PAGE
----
Sunday, January 17, 2010

Wolf Moon and The Mountainous Land

January Waxing Crescent Moon  
by Frank McCabe

Weather forecasters are predicting high winds and several days of rain—up to 5 inches—to arrive here on the Northern California Coast. Clouds have obscured the first moon of the 2010, the crescent Wolf Moon, which won't be full till January 30. In Northern California it's a wintry moon, but not quite as deeply wintry as our last one. Looking around, I can already see the earliest signs of spring.

I went to the bookstore yesterday and came home with a three books from my queue. I look forward to the coziness of reading by the fire as the rain falls.

My coziness, however will be troubled some.

A media hermit, with the exception of blogs, I'm aware of the earthquake in Haiti. I've spared myself from seeing actual images. But I've read descriptions. I hold deep sadness about the many thousands who have lost their lives and their homes. The immediate suffering in Haiti is only the most recent calamity to befall the people who've lived there.

Haiti means "Mountainous Land" in the language of its original people, the Taino. Haiti seems to have been something of a paradise in its pre-Columbian days. Columbus dramatically increased suffering there. I've read horrifying accounts of his torturous activities there. Spanish conquerors renamed Haiti Hispaniola. Columbus wrote first of many sad chapters of a tome that is still being written today.

It's very difficult for me to understand why a former paradise, the Mountainous Island, has been transformed into a center of so much suffering. Why?

I cannot know.  I hold their suffering in my heart, seek to find some peace here, and send that peace prayerfully to the Mountainous Land and all the people and all the life it holds.

May the Wolf Moon bring better fortune to all the world, especially to Haiti, the Mountainous Land.

Waxing winter moon,
Haiti earthquake—thousands die
May soft love-light shine


steven said...

hi dan - thanks for this lovely and thoughtful posting. my brother lives north of you in vancouver and he has shared with me the trials, tribulations, and blessings of life on the west coast. high up on the list is the need to get used to and eventualy make friends with the rain!! enjoy your books my friend!!! steven

The Pollinatrix said...

The "why" is indeed bewildering. I have been doing just like you, Dan, and "holding their suffering in my heart." I've been praying for them daily.

Your new header made me ooh and aah. I love the way it now looks like stars falling down your page.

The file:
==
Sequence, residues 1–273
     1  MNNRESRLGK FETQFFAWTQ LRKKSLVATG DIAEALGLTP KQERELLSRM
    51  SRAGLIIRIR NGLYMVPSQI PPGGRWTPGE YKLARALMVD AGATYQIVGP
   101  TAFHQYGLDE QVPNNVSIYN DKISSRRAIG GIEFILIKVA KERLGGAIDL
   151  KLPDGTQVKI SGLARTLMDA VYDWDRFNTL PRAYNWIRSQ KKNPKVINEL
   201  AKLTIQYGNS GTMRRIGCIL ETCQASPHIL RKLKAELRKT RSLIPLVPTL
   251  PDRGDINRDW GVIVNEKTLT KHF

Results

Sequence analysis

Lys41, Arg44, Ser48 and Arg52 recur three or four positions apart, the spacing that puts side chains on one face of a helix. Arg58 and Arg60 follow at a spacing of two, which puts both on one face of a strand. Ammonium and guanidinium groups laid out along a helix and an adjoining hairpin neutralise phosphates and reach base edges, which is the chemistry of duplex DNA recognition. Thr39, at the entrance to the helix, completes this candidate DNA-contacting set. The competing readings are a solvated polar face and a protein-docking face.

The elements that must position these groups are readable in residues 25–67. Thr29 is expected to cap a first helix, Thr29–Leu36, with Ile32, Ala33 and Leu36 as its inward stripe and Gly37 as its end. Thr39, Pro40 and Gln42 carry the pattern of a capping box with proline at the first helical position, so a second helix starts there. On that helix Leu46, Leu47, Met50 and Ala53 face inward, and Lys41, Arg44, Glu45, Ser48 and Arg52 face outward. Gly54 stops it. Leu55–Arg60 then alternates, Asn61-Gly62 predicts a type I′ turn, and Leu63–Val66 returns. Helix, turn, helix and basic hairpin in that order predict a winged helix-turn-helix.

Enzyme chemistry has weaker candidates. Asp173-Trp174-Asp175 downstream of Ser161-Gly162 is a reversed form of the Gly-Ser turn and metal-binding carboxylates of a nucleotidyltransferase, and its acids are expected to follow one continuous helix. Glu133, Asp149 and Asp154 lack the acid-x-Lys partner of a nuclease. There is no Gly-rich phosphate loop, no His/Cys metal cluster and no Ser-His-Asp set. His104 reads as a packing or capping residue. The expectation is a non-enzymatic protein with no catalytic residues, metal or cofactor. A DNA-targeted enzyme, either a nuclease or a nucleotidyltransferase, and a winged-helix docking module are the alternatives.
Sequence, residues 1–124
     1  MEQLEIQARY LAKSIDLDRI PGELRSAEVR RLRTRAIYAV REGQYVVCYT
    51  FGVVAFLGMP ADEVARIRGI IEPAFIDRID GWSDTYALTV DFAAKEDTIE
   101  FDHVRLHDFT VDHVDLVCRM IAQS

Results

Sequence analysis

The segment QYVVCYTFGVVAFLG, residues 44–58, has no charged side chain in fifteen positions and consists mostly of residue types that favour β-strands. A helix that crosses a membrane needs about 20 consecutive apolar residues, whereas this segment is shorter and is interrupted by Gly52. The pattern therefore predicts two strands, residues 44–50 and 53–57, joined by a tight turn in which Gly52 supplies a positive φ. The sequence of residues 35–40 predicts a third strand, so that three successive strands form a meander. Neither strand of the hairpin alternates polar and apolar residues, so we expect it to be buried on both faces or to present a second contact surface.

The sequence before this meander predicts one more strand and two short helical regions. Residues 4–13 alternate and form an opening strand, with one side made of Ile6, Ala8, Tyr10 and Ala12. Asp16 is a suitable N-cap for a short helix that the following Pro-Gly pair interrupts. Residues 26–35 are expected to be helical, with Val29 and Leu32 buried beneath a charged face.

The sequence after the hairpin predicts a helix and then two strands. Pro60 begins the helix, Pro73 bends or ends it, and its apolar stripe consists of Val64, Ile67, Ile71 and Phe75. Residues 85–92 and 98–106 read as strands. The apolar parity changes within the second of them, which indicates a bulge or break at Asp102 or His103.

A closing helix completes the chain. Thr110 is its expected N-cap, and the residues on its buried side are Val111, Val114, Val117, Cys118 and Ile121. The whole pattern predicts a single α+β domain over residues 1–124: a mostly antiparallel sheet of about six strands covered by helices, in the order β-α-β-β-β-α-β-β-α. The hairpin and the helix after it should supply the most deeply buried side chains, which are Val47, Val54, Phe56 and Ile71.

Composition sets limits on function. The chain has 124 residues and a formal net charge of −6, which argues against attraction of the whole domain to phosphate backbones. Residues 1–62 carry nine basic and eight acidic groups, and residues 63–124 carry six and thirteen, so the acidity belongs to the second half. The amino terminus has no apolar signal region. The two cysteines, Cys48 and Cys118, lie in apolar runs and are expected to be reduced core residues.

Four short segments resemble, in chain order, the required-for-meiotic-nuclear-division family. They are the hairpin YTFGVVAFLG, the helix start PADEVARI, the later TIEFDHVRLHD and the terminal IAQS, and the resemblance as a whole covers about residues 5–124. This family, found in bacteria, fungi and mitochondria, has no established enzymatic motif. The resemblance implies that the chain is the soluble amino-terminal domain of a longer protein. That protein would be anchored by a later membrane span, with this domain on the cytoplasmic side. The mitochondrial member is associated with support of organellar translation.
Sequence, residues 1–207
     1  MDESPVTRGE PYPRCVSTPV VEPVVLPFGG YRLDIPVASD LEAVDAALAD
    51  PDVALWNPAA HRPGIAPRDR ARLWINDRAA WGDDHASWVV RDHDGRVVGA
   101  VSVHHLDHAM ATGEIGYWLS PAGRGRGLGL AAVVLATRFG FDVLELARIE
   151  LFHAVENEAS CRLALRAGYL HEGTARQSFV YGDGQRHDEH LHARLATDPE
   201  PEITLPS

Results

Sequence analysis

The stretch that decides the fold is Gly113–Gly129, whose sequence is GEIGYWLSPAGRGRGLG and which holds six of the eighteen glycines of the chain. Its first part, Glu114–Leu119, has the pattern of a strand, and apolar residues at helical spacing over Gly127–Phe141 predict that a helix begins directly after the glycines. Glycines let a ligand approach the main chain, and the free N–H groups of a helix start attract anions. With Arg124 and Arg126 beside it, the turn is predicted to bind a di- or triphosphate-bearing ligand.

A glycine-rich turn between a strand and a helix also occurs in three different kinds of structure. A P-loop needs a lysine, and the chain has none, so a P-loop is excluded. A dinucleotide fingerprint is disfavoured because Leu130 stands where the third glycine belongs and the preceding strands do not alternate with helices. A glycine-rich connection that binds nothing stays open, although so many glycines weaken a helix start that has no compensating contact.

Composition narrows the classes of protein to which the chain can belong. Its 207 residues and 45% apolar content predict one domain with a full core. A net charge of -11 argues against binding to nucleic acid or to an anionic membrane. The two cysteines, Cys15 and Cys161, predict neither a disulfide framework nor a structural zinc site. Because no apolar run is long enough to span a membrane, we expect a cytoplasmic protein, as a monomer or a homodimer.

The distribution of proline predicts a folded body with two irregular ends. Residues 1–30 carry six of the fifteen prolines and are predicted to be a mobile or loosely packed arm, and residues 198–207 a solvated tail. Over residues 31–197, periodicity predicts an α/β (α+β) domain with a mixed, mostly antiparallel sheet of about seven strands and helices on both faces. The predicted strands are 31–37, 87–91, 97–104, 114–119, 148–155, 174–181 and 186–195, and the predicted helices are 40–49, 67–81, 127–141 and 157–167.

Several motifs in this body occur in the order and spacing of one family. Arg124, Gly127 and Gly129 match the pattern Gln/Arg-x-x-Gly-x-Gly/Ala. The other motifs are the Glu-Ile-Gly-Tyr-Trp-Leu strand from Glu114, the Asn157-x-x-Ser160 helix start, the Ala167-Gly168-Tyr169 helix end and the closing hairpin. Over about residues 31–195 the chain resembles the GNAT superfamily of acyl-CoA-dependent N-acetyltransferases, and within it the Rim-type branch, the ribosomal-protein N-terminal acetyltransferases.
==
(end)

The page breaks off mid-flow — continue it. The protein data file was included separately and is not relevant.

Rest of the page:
Dan Gurney said...

Oh, steven, I feel mostly blessings, many blessings for the place where I live. I'm up to my eyeballs in grace, and i am grateful to have the peace realize it.

Dan Gurney said...

Hi Polly. The suffering is part of the whole picture. This sort of thing brings the Toaist and Buddhist in me quite to the forefront. As Lao Tzu might say, we can only know happiness in its relation with sadness. Holding both with gentleness and kindness sometimes stretches me, though.

The Pollinatrix said...

Stretching, indeed. The good thing about holding them together is that I find it diminishes the fear-nature of the "why" question.

Dan Gurney said...

For me, the prominent emotion surrounding these things is sadness. Sometimes anger, but beneath the anger is sadness. Fear not so much.

Barry said...

A very thoughtful post Dan, and some interesting background.

I wish I'd been spared the images from Haiti myself.

Dan Gurney said...

Hi, Barry. I'm pleased you enjoyed the post. The more I shelter myself from the disaster that the broadcast media has become the happier and more useful I can be.

I am amazed at how much national and worldwide calamity and disaster still seeps into my TV and radio free house.

It can be helpful to remember that, say, 150 years ago, people would learn of disasters only if they occured nearby where they could actually do something in person to help. Otherwise, they were spared all the bad news that was far away and about which they could do little.

Bonnie, Original Art Studio said...

Tender, compassionate sentiments Dan. Beyond the incomprehensible suffering there, there are many tortured minds out here...trying to understand...

Dan Gurney said...

Hi, Bonnie. So true.

In days of yore, an earthquake might physically shake, what, a million people? Most only a little.

Today, thanks to the Internet and broadcast media, major earthquakes shake up maybe a billion people. Being emotionally shook up is a form of suffering, too. Today natural and human disasters touch many orders of magnitude more people. That's just one reason why media hemitage has some benefit.

Alden Smith said...

Very sensitive and thought provoking post Dan. Such huge apparently random disasters always provoke us to ask those hard questions for which there are at best only partial answers, and even these partial answers aren't enough to stop us from questioning the very meaning of our human experiences and existence.

Dan Gurney said...

Thank you, Pal. This far along in life I think more about asking good questions than getting any real answers. Jeez, I'm not sure I would know I got the right answer if it was blinking in neon lights.